Plus, Intel makes progress on its plan to revolutionize manufacturing with the 18A process node slated for 2024.
Intel announced advancements in Core Ultra processors, an E-core processor with 288 cores, the 5th Gen Intel Xeon, AI development on Intel Developer Cloud and more at Intel Innovation in San Jose, California on Tuesday, September 19. Intel is working toward its five-nodes-in-four-years plan, with a roadmap of new processors and manufacturing techniques projected out to 2025.
New Xeon processors include 288-core chip
Intel previewed the 5th Gen Intel Xeon processors (Figure A), which will be available on December 14. The 5th generation will include accelerated performance; for example, the Sierra Forest CPU hit benchmarks of 2.5x better rack density and 2.4x higher performance per watt compared to the 4th Gen Xeon.
Granite Rapids, the next processor on the roadmap after Sierra Forest, is optimized for AI workloads, with 2x to 3x performance compared to 4th Gen Xeon, according to Intel’s projections. One Sierra Forest variant holds a remarkable 288 cores and 12 channels of memory. The furthest point on the roadmap is the E-core Xeon code-named Clearwater Forest, which will run on the Intel 18A process node, arriving in 2025.
AI supercomputer built on Intel hardware
Xeon processors will be central to a large AI supercomputer built on Intel Xeon processors and Intel Gaudi2 AI hardware accelerators; Gelsinger calls it the “largest supercomputer in Europe.” Its primary customer will be multimedia generative AI firm Stability AI, the maker of Stable Diffusion.
Intel Developer Cloud is generally available
Starting Sept. 19, Intel Developer Cloud has moved from limited release to general availability. This platform is for AI development, training, model optimization and inference; it also lets developers get hands-on with Intel Gaudi2, 5th Gen Xeon processors and the Data Center GPU Max Series 1100 and 1550. Developers can access an API toolkit within Intel Developer Cloud.
The platform is an easy path to Intel-optimized hardware, software and AI from a developer’s own PC, including up-and-coming hardware and software, said Intel CEO Pat Gelsinger at the Sept. 19 keynote at Intel Innovation. “By the time the hardware is available in volume, you’ve already been working on it for months (or) years,” he said.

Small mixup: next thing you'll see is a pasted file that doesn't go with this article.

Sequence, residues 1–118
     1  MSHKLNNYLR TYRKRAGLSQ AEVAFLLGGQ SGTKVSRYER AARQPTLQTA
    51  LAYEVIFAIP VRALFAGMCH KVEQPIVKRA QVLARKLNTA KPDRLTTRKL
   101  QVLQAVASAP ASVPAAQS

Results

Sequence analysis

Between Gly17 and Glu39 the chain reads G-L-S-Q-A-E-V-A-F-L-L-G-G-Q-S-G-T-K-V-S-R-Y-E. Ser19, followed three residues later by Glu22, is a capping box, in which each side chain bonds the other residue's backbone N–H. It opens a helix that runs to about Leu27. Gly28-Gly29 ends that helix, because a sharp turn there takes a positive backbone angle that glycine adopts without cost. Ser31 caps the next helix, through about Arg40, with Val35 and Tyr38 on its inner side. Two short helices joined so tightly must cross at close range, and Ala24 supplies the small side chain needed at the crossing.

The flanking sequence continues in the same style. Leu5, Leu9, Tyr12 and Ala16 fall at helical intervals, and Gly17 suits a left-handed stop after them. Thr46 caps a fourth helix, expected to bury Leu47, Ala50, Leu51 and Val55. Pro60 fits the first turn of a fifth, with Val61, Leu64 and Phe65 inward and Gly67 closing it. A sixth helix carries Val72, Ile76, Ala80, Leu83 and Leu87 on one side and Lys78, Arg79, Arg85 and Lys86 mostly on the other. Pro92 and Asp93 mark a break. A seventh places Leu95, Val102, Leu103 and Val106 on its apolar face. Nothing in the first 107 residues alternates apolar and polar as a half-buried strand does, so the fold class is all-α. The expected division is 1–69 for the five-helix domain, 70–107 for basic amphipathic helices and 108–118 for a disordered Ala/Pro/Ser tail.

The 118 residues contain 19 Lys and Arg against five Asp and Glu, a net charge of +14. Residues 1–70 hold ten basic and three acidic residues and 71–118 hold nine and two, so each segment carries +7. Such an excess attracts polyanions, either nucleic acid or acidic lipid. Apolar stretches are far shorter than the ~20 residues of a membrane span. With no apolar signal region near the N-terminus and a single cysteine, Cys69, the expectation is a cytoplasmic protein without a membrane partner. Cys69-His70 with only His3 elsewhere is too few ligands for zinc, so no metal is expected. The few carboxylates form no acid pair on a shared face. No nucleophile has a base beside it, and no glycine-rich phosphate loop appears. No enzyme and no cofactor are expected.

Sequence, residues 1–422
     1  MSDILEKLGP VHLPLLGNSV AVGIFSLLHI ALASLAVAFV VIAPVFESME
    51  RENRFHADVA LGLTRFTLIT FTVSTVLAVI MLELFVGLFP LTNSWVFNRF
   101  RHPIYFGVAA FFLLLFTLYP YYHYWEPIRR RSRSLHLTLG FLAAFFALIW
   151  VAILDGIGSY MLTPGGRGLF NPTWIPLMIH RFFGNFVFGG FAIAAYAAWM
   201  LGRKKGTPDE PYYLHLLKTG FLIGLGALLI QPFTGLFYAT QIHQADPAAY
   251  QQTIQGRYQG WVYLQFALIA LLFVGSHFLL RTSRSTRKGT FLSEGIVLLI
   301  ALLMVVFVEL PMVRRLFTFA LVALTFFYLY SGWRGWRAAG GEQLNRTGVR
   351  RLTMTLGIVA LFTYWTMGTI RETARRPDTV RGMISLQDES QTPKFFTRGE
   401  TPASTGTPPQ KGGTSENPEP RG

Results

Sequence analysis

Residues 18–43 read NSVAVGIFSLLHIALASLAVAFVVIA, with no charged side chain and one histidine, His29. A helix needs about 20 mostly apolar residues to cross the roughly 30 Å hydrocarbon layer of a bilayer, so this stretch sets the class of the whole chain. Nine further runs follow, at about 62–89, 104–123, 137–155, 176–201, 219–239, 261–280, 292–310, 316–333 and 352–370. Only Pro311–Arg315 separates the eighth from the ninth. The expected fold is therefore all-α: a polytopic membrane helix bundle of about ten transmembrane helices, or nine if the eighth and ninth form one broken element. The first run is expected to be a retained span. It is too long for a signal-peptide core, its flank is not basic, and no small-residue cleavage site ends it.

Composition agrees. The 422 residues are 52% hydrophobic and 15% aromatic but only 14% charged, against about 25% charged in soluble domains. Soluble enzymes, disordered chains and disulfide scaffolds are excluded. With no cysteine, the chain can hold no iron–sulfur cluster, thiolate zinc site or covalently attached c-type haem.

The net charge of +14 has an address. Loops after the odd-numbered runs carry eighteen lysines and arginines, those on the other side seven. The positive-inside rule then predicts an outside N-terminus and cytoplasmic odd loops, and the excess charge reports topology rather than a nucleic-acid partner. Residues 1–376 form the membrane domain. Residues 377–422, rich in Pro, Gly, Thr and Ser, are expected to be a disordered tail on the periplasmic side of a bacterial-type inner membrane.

Intel Developer Cloud is available in three tiers: free, premium and enterprise. More information on pricing and a full list of features can be found here.
Intel Core Ultra processors and the age of the “AI PC”
Intel’s Core Ultra processors, previously known as the code name Meteor Lake, were at the heart of many of the technologies discussed during the presentation. Core Ultra Processors contain Intel’s first integrated neural processing unit. The NPU is an AI-optimized accelerator and inference performed on the PC, providing for power-efficient AI acceleration and local inference on the PC; put another way, it allows applications to take advantage of AI performance offline.
SEE: Intel wants to solve the AI computing skills gap (TechRepublic)
Core Ultra came about due to several of Intel’s hardware advancements, namely the Foveros packaging technology manufacturing technique and the Intel 4 process node with 3D high-performance hybrid architecture.
Acer CEO Jerry Kao demonstrated Intel Core Ultra in an upcoming Acer laptop using Intel-developed AI libraries and the Intel-led open source AI toolkit OpenVINO.
“We see the AI PC as a sea change moment in tech innovation,” Gelsinger said.
Microsoft is using Core Ultra in its Windows 11 PC and plans to use its AI capabilities in upcoming Copilot features.
Core Ultra is exciting because it brings a CPU, GPU and NPU all together, said Gelsinger. “Our NPU will enable AI developers to take advantage of the standard software and framework for AI development and hugely expand the applications for edge deployment,” he said.
Intel Core Ultra will be available starting Dec. 14, 2023.
Advancements in manufacturing and chiplets
Intel’s five-manufacturing-nodes-in-four-years process development program is progressing rapidly, Gelsinger revealed. Each manufacturing node defines a certain semiconductor manufacturing process. The five nodes in the program are referred to as 7, 4, 3, 20A and 18A.
In particular, Gelsinger showed an Arrow Lake processor based on the 20A node. This node is remarkable because it could push Intel ahead of its competitor, TSMC, in terms of rapidly developing new chipmaking techniques and technology.
The next and last node in the program, 18A, is on track for the second half of 2024.
Update to the Universal Chiplet Interconnect Express specification
Last year, Intel announced the founding of the Universal Chiplet Interconnect Express, an industry specification consortium for next-generation chiplets. The group now has about 120 members and has produced its first test chips, code named Pike Creek. On September 19, Intel demonstrated a novel multi-chiplet package based on UCle interconnects.